• “Working together we arrived at this point. As William Faulkner once wrote, “The past isn’t dead and buried. In fact, it isn’t even past.” We do need to remind ourselves that so many of the disparities that exist in can move beyond some the African-American community today can be directly traced to inequalities passed on from an earlier generation that suf- of our old racial wounds, fered under the brutal legacy of slavery and [segregation laws known as] Jim Crow. and that in fact we have Segregated schools were, and are, inferior schools; we still no choice if we are to haven’t fixed them, fifty years after Brown v. Board of Educa- tion, and the inferior education they provided, then and now, helps explain the pervasive achievement gap between today’s continue on the path of a black and white students. more perfect union.” Legalized discrimination—where blacks were prevented, often through violence, from owning property, or loans were not granted to African-American business owners, or black Race is an issue that I believe this nation cannot afford to ig- homeowners could not access FHA mortgages, or blacks were nore right now. … The issues that have surfaced over the last excluded from unions, or the police force, or fire departments few weeks reflect the complexities of race in this country that —meant that black families could not amass any meaningful we’ve never really worked through—a part of our union that wealth to bequeath to future generations. That history helps we have yet to perfect. And if we walk away now, if we simply explain the wealth and income gap between black and white, retreat into our respective corners, we will never be able to and the concentrated pockets of poverty that persists in so come together and solve challenges like health care, or educa- many of today’s urban and rural communities. tion, or the need to find good jobs for every American. A lack of economic opportunity among black men, and the Understanding this reality requires a reminder of how we shame and frustration that came from not being able to 66 67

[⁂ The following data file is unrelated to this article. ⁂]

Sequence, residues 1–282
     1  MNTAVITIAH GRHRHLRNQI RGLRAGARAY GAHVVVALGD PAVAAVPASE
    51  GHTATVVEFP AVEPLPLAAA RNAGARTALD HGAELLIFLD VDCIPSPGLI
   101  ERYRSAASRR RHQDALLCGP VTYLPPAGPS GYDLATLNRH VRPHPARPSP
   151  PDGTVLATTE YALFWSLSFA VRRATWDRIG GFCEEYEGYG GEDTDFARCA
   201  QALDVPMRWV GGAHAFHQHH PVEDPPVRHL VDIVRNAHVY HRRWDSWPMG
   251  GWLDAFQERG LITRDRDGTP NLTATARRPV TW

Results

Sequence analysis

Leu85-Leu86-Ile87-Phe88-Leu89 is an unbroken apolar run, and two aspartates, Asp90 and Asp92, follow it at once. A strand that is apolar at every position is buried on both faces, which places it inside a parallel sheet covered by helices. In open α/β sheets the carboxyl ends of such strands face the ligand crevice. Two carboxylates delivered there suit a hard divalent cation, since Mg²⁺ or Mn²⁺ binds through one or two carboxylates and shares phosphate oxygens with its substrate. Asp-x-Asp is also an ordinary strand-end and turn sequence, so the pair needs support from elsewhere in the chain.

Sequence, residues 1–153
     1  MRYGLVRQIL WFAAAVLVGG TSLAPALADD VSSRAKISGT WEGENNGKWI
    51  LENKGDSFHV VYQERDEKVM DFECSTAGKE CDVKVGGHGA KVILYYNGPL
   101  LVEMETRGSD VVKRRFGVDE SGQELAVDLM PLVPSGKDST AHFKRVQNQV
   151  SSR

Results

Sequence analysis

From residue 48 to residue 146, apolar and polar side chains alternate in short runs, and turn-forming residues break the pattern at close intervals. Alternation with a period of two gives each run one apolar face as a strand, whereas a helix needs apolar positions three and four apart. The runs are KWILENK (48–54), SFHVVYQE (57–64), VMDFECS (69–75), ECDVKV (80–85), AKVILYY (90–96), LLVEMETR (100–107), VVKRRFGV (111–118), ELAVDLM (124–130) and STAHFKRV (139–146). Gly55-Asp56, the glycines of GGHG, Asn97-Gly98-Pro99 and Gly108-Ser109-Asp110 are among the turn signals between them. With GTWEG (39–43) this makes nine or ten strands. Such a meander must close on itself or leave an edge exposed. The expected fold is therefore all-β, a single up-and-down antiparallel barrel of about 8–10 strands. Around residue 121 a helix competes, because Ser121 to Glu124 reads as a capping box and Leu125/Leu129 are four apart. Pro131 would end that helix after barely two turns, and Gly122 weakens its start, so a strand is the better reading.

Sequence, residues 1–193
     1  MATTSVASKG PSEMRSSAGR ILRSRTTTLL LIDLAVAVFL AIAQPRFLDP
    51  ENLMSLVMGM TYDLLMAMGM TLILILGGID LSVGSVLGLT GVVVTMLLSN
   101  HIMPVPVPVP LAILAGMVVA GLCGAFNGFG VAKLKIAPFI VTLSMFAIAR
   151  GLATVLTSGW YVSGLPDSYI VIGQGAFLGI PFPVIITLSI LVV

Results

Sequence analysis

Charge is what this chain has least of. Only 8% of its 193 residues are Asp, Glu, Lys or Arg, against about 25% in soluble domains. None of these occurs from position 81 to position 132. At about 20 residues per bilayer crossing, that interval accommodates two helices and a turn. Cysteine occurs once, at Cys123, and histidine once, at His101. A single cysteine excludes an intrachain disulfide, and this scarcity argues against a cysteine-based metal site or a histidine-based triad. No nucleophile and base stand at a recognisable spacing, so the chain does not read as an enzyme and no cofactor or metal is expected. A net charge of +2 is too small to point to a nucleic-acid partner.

• provide for one’s family, contributed to the erosion of black Just as black anger often proved counterproductive, so have families — a problem that welfare policies for many years these white resentments distracted attention from the real may have worsened. And the lack of basic services in so many culprits of the middle class squeeze — a corporate culture urban black neighborhoods — parks for kids to play in, police rife with inside dealing, questionable accounting practices, walking the beat, regular garbage pick-up and building code and short-term greed; a Washington dominated by lobby- enforcement - all helped create a cycle of violence, blight and ists and special interests; economic policies that favor the neglect that continue to haunt us. few over the many. And yet, to wish away the resentments … of white Americans, to label them as misguided or even In fact, a similar anger exists within segments of the white racist, without recognizing they are grounded in legitimate community. Most working- and middle-class white Americans concerns — this too widens the racial divide, and blocks the don’t feel that they have been particularly privileged by their path to understanding. race. Their experience is the immigrant experience - as far as they’re concerned, no one’s handed them anything, they’ve This is where we are right now. It’s a racial stalemate we’ve built it from scratch. They’ve worked hard all their lives, many been stuck in for years. Contrary to the claims of some of times only to see their jobs shipped overseas or their pen- my critics, black and white, I have never been so naïve as to sion dumped after a lifetime of labor. They are anxious about believe that we can get beyond our racial divisions in a single their futures, and feel their dreams slipping away; in an era of election cycle, or with a single candidacy — particularly a stagnant wages and global competition, opportunity comes candidacy as imperfect as my own. to be seen as a zero sum game, in which your dreams come at my expense. So when they are told to bus their children to a But I have asserted a firm conviction — a conviction rooted school across town; when they hear that an African American in my faith in God and my faith in the American people— is getting an advantage in landing a good job or a spot in a that working together we can move beyond some of our old good college because of an injustice that they themselves racial wounds, and that in fact we have no choice if we are to never committed; when they’re told that their fears about continue on the path of a more perfect union. crime in urban neighborhoods are somehow prejudiced, resentment builds over time. For the African-American community, that path means em- ... bracing the burdens of our past without becoming victims of 68 69